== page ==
Thursday, November 12, 2009

Tech-Ed Berlin 2009: Day 4, Thursday 12th of November

Don’t know how we did it, but we arrived in time. So no need to hurry. The S-Bahn to Tech-Ed was really packed to the brim. Somehow these trains should have a sign like this: ‘This train wagon can have 200 people OR 600 IT staff attending Tech-Ed’. Seriously, when the train entered the station for Tech-Ed it was flooded with IT staff from all over the world. Never the density of laptops and smart phones per person on that station has been that high!

Upgrading to SQL Server 2008 Done Right
The first session was about how to upgrade to SQL Server 2008 done right. The speaker was Dandy Weyn, Technical Development Manager. When the upgrade to SQL Server 2008 isn’t prepared properly one is likely to end up like this:

Step by step the available upgrade scenario’s and the caveats were discussed. Also some known compatibility issues were brought to the attention. When upgrading one has not to forget to look outside the SQL server itself as well. For instance cross-database dependencies, linked servers and extended stored procedures might make the upgrade more complex.

Gladly, Microsoft has delivered good tooling AND documentation in order to aid in the upgrade process. One of these tools is the SQL 2008 Upgrade Advisor. It contains another tool ‘Upgrade Advisor Analysis Wizard’. With it one can select the DBs to be upgraded and check to see whether there are certain issues to be fixed prior the upgrade. In conjunction with this tool the SQL 2008 Profiler is run as well. This way much useful information is collected. When the ‘Upgrade Advisor Analysis Wizard’ is finished the results are shown which can be looked at in every detail:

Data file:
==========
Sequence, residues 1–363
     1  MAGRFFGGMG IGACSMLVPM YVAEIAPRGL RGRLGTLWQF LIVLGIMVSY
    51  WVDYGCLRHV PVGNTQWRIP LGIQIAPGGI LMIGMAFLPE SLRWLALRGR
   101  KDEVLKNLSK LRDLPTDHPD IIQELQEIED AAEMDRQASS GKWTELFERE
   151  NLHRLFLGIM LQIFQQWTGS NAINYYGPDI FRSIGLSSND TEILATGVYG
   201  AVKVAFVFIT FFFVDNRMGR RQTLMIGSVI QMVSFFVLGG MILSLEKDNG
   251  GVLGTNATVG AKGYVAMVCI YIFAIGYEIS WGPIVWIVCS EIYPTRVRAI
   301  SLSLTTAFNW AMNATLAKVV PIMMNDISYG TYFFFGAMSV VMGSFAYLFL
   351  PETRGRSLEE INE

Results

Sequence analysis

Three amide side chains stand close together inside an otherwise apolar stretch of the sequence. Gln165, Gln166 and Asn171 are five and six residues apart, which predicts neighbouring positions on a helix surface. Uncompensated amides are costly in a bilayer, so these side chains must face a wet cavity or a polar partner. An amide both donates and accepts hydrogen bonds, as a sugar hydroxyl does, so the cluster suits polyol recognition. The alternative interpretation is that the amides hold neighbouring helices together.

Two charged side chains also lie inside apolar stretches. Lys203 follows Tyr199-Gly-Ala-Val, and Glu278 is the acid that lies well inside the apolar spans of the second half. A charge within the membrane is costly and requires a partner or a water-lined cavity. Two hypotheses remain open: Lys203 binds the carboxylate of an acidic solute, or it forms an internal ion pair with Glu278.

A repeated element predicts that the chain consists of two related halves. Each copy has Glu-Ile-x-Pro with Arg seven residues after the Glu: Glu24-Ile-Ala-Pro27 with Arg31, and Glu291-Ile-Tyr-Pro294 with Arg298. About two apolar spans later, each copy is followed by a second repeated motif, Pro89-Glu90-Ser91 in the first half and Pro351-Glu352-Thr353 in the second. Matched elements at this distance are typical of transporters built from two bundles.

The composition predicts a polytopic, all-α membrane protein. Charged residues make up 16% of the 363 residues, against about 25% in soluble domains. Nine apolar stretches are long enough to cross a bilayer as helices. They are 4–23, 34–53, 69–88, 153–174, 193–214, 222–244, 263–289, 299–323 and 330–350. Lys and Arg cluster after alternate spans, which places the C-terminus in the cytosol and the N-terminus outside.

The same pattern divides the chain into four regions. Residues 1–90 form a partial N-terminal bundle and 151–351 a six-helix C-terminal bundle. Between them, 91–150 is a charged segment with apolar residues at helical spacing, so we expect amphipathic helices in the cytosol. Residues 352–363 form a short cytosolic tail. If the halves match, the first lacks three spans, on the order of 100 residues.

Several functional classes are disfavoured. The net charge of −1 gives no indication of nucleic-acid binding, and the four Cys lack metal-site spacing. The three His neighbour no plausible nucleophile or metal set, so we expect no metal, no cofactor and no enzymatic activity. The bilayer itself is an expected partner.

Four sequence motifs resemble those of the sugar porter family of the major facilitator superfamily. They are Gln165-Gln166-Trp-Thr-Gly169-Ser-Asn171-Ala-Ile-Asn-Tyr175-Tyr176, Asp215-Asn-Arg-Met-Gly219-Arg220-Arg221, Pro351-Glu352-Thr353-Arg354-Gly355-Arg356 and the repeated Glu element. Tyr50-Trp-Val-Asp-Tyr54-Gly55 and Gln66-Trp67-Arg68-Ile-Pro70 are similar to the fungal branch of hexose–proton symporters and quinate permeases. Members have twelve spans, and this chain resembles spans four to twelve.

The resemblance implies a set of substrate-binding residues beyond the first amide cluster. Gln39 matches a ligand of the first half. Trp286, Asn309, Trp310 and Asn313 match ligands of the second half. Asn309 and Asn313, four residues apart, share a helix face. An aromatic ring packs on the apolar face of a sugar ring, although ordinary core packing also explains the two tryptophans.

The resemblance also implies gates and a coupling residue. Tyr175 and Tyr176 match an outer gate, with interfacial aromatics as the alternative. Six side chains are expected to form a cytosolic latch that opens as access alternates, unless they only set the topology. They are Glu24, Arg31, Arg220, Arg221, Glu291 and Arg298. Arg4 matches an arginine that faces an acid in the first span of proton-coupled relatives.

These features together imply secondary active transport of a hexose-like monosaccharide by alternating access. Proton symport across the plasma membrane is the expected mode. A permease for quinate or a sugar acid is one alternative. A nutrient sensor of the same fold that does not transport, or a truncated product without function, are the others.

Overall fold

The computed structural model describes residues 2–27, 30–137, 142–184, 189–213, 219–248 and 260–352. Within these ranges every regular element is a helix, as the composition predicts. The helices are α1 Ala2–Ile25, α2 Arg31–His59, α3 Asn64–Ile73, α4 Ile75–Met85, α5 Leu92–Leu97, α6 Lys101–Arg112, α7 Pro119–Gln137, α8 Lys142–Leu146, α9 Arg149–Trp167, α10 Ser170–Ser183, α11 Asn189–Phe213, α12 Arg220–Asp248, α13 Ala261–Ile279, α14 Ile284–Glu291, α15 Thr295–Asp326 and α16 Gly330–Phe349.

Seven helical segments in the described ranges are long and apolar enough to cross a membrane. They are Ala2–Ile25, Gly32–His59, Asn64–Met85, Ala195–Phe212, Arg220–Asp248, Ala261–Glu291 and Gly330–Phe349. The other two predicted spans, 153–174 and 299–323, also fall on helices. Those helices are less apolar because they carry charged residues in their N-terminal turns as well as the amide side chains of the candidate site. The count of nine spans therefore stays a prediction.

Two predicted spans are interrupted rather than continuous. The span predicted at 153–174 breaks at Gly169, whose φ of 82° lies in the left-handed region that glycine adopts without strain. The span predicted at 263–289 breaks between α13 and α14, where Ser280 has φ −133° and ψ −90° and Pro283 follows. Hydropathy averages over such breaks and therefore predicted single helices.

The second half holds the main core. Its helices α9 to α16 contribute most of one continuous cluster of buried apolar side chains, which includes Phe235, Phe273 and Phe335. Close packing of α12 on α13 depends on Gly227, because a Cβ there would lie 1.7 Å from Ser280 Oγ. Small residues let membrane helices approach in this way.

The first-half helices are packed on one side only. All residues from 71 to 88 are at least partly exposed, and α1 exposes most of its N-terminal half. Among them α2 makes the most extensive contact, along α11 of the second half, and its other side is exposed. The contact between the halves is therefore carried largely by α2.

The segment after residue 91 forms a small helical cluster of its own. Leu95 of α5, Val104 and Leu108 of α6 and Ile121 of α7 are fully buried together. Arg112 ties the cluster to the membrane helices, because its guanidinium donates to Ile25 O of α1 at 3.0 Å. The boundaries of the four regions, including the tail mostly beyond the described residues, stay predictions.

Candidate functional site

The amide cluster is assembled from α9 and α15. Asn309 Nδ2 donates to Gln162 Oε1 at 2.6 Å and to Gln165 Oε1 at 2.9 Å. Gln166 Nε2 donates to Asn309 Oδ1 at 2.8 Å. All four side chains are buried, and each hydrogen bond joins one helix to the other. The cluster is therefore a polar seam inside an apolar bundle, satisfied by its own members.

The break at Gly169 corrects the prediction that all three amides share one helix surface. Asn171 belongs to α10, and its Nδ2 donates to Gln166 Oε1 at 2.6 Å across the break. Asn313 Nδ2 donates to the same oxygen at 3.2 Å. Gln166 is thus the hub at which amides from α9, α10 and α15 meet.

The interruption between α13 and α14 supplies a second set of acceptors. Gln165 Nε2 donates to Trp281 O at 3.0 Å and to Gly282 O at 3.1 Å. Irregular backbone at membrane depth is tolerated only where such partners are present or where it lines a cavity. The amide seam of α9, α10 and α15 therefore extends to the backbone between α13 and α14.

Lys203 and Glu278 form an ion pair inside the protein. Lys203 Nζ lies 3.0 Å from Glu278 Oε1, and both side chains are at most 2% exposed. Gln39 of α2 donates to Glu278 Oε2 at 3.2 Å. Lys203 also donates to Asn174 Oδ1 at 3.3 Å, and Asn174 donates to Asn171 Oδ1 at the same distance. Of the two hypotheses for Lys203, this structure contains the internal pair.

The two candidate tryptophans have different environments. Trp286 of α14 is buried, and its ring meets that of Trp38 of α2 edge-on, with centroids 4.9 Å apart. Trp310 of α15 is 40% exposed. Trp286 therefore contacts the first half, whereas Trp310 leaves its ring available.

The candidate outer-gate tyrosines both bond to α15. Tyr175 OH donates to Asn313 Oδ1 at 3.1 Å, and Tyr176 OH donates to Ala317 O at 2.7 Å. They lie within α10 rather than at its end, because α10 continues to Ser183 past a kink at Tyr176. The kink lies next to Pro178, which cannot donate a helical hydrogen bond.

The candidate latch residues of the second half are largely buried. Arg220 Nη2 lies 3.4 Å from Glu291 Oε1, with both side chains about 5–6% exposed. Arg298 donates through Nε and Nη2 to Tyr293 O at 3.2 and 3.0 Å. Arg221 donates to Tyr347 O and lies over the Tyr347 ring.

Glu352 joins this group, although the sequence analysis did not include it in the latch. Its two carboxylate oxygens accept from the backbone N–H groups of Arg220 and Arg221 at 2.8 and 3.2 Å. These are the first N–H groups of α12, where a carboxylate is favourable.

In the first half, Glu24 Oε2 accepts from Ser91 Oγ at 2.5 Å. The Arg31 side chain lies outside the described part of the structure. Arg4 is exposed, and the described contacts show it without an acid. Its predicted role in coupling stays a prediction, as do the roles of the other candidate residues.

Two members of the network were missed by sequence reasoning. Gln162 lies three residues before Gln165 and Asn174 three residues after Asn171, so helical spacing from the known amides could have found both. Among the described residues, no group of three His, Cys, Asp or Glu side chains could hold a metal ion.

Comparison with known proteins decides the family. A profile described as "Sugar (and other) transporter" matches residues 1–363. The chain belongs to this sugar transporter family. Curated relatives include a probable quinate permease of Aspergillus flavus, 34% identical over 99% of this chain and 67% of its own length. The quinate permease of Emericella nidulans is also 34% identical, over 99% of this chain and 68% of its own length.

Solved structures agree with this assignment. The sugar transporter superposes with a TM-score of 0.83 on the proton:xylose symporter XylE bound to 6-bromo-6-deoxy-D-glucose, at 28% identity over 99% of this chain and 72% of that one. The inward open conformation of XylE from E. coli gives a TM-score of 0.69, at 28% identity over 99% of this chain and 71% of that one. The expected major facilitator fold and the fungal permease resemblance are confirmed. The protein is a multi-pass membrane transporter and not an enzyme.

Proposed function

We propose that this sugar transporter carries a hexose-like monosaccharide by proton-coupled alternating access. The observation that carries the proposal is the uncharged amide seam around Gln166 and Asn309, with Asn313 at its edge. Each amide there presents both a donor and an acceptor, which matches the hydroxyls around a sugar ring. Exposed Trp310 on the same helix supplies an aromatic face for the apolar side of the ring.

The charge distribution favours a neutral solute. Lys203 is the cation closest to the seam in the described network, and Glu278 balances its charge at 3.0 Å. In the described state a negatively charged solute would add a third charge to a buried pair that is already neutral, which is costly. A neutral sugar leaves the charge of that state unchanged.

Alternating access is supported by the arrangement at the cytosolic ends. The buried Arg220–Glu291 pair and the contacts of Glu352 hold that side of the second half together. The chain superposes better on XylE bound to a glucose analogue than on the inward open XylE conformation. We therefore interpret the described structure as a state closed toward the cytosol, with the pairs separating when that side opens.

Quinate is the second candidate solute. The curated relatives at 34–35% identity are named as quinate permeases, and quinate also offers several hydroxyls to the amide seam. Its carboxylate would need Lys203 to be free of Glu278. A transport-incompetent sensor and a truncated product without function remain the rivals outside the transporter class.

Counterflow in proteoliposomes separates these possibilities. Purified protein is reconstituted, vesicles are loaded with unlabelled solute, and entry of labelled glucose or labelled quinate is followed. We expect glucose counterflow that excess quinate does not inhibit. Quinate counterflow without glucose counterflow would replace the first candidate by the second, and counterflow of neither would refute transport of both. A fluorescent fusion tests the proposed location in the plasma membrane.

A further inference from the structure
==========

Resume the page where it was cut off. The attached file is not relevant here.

In one demo an upgrade from SQL 2000 DB to SQL 2008 was shown. This upgrade went wrong. With the above mentioned tooling the causes of this failure was shown and resolved. Afterwards the upgrade went fine. Afterwards the Server Objects (e.g. linked servers) Agent Jobs were taken care of as well.

Another demo was about upgrading from SQL 2005 to SQL 2008. The same approach is used here as well. One very important thing to do is to update the statistics of the upgraded DB. Otherwise performance won’t be optimal.

Shall I LTI or ZTI?
Second session I attended was all about Windows 7 deployment with MDOP and SCCM. Good demo’s were given. The session was about many topics, some of them were:

Resolving application compatibility issues
The Application Compatibility Toolkit was discussed and demonstrated shortly. Certainly a tool worthwhile to be used by organizations migrating to Windows 7. Nice touch is the UI of this tool. It has the look & feel of the SC products like SCOM! Other tooling was demonstrated as well, like Standard User Analyzer and Microsoft Application Compatibility Database. These tools do not only show what the issues are but also deliver the solutions to it. This is great since it helps companies in their quest to resolve all compatibility issues with the applications they are using.

Upgrading to Windows 7 and how to go about it?
Besides SCCM there are other tools available as well like the Microsoft Deployment Toolkit (MDT), aka Light Touch Installation (LTI) since it still needs input from the administrator per system to be upgraded where as SCCM is Zero Touch Installation (ZTI). Here all the needed operations are centralized. Not only the upgrade process itself, but also the monitoring, the reporting, the repairs (when needed). Now no input on a per client basis is needed anymore.